As the proposed sale of the .ORG domain registry to private equity firm Ethos Capital plays out, we see more and more why this sale was rushed through: the longer we have to look at it, the more questions we all have, and the fewer answers we get. For the second time, some of the people questioning the wisdom of this sale are members of the U.S. Congress.
On March 18, Senators Elizabeth Warren, Ron Wyden, Richard Blumenthal, Edward Markey, and Representative Anna Eshoo sent a new letter [.pdf] to the Internet Corporation for Assigned Names and Numbers (ICANN), urging, for the second time, that ICANN reject the “private equity takeover of the .ORG registry.”
The members of Congress pointed out that their previous questions have still not gotten satisfactory answers from ICANN, Public Interest Registry (PIR, the currently-a-nonprofit entity that runs .ORG that will be converted to a for-profit if this sale goes forward), and Ethos Capital. What we do know is that, while PIR claimed that ICANN’s review of the deal is limited to whether the sale will keep .ORG “secure, reliable, and stable,” ICANN itself said, “This is wrong.” ICANN can, in fact, consider the impact of the sale on the “public interest and the interest of the .ORG community.”
Of course, the sale is against the interest of the .ORG community. More than 25,000 people and 858 organizations have signed a letter demanding a stop to the sale. The impact on the public interest is proved by, among other things, the weakness of the “stewardship council” that Ethos claims will prevent them from harming the nonprofit community. Among other problems, PIR has reserved for itself the ability to ignore the council, making its existence basically moot.
The deal loses even on PIR’s preferred home court of the security, reliability, and stability of the .ORG domain registry. Ethos Capital and PIR claim that the benefits of converting PIR from a nonprofit for a for-profit is that it will allow them to take “risks” and develop new “products and services.” The members of Congress point out that in a webinar held last month neither PIR’s CEO nor Ethos’s CEO could give “a single, clear example of a useful new product or service that would be offered in exchange for the private equity-funded takeover of the .ORG domain, or an explanation of how .ORG being operated by a company that is ‘in the business of taking risks’ would be in the public interest.”
Based on EFF’s and Americans for Financial Reform Education Fund’s analysis of what is publicly known about this deal, it seems like the outcome can only be a PIR burdened with debt that will likely be paid off by reducing investments in technical upkeep, which could hurt reliability, security, and stability of the domains; charging nonprofits higher fees, under a new rule that allows PIR to raise prices up to 10% every year; allowing PIR and Ethos Capital to double the registration fee within seven years; and offering unspecified “new products and services” that could harm the interests of nonprofits in .ORG.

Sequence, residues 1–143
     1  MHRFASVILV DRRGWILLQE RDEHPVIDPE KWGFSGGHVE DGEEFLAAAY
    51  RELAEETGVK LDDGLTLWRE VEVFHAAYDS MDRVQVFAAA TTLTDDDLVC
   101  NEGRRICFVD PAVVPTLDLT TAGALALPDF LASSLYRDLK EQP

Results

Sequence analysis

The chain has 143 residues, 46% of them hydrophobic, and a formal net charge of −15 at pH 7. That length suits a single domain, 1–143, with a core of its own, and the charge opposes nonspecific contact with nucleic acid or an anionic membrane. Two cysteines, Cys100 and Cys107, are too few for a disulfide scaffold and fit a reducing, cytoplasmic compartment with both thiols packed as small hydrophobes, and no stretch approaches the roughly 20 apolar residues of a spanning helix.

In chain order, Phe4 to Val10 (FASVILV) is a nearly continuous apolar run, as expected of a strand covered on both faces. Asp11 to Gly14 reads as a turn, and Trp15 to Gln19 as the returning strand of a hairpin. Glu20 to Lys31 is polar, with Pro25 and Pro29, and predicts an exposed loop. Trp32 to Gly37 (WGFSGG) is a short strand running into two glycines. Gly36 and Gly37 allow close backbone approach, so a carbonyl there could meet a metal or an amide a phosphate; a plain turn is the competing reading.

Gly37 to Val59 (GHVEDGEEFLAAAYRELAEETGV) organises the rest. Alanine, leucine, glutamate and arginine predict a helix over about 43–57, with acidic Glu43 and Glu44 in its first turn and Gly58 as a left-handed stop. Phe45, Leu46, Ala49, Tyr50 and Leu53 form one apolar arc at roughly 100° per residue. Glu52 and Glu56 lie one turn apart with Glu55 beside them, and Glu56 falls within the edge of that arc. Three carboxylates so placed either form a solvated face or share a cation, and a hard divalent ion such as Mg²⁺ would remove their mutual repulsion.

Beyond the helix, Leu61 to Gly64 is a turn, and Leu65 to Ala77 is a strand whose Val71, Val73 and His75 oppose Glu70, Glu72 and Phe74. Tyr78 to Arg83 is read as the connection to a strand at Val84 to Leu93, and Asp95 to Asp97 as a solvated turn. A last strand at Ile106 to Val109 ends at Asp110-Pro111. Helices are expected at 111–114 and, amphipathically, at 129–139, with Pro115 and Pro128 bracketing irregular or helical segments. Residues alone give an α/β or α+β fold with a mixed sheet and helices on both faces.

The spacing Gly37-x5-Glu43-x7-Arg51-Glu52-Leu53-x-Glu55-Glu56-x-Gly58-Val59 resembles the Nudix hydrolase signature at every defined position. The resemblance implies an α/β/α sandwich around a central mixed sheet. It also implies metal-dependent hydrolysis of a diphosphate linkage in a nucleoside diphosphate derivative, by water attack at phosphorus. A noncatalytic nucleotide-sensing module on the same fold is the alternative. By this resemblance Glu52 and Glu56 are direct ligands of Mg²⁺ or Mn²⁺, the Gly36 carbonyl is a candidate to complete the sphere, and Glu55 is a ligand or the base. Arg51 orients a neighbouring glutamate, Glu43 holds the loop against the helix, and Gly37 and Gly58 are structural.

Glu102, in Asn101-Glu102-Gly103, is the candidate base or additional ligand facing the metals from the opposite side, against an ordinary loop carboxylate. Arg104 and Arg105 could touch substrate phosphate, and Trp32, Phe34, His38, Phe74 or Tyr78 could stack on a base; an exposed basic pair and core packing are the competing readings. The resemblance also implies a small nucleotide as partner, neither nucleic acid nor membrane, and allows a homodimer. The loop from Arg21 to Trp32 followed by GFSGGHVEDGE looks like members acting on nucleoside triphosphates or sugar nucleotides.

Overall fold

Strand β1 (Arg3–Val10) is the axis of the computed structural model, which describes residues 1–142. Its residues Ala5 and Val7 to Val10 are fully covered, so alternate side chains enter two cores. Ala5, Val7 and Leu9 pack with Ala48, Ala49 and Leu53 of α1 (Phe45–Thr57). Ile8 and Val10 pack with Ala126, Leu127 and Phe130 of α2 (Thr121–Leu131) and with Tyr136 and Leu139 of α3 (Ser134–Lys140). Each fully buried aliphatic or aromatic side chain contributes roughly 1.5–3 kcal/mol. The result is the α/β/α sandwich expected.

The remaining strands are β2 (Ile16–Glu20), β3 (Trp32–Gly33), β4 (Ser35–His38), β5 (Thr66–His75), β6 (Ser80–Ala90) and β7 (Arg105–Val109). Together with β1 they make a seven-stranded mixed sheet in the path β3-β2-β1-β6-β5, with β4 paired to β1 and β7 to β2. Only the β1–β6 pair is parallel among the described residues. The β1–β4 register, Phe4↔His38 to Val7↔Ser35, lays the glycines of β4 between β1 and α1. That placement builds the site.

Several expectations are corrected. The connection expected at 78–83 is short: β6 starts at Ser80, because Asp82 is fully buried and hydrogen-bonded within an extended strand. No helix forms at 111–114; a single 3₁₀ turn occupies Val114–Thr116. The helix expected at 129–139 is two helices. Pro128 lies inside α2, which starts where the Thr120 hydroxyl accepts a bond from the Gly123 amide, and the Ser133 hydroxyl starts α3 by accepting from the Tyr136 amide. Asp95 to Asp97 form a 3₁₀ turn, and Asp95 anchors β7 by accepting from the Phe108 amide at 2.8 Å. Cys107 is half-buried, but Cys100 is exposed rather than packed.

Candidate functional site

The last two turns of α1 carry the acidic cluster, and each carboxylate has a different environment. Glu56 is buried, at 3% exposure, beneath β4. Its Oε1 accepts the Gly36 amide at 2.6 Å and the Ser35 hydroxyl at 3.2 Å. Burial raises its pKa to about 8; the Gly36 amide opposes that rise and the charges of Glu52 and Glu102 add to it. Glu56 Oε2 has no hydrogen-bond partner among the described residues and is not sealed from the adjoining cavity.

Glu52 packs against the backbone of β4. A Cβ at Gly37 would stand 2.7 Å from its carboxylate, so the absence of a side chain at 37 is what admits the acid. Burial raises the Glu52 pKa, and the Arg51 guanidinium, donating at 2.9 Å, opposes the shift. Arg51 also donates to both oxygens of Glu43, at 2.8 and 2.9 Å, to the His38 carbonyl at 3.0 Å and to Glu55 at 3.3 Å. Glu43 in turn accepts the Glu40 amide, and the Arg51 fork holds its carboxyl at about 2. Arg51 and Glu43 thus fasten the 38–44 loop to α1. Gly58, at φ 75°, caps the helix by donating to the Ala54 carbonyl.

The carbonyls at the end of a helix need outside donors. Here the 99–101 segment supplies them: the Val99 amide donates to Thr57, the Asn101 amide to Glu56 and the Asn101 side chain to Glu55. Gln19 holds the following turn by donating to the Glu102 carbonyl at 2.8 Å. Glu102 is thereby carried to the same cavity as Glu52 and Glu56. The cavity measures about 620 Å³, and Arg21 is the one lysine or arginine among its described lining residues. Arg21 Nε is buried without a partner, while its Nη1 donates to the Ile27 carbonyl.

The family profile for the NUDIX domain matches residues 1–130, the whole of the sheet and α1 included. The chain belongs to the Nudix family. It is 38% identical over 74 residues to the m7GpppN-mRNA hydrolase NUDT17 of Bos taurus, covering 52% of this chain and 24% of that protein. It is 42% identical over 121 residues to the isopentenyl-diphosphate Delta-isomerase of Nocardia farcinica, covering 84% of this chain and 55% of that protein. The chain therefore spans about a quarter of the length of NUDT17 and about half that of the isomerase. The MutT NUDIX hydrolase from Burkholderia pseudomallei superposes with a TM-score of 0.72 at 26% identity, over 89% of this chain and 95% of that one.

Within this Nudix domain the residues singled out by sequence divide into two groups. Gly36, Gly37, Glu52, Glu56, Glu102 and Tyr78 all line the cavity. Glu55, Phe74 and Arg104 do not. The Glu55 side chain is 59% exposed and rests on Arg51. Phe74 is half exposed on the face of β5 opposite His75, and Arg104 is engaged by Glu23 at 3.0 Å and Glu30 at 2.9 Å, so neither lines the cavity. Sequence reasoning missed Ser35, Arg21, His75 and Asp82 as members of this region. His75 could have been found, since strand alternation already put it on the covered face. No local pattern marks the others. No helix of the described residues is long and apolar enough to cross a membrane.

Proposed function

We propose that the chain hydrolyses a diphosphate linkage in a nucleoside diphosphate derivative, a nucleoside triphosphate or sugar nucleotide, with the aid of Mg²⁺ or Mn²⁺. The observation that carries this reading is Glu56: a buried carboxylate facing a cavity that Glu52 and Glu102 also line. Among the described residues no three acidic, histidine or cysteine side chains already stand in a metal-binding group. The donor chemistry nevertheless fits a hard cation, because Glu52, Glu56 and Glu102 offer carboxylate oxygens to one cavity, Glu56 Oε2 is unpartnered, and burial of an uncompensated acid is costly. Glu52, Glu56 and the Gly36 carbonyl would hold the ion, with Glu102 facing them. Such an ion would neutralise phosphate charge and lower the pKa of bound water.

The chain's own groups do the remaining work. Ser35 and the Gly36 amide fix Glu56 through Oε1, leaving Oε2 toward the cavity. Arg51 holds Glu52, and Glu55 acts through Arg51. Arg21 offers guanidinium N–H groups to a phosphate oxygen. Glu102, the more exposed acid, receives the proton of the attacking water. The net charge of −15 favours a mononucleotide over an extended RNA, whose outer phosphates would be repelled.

Ethos Capital and PIR have tried to use Public Interest Commitments (PICs), in order to make the square peg of this deal fit in the round hole of what is wanted and needed by the .ORG community. One PIC concerns registration fees, but doesn’t address any other burden PIR could place on .ORG registrants, many of whom rely on their .ORG address and have spent years making it a safe and reliable site for people seeking information and help from a nonprofit to go and therefore are incredibly reluctant to give up the address. As the letter from the members of Congress states, “we remain concerned that, if the sale is approved, Ethos can and will impose unlimited additional fees on registrants or registrars, which would not be addressed by the PIC’s price limit on registration fees.”
It’s incredibly important that people looking for help from nonprofits are able to go to the established, stable website to ask for it. In emergencies, people looking for help or reliable information are under extreme stress and need to get to the exact organization they are seeking, without interruption. And if someone is looking to donate to nonprofits providing vital services, it’s equally important they give their money or other gift to the right place.
The important work of the .ORG community should not be interrupted by anything, and certainly not a sale which will wring money out of that community while risking the reliability and stability it needs.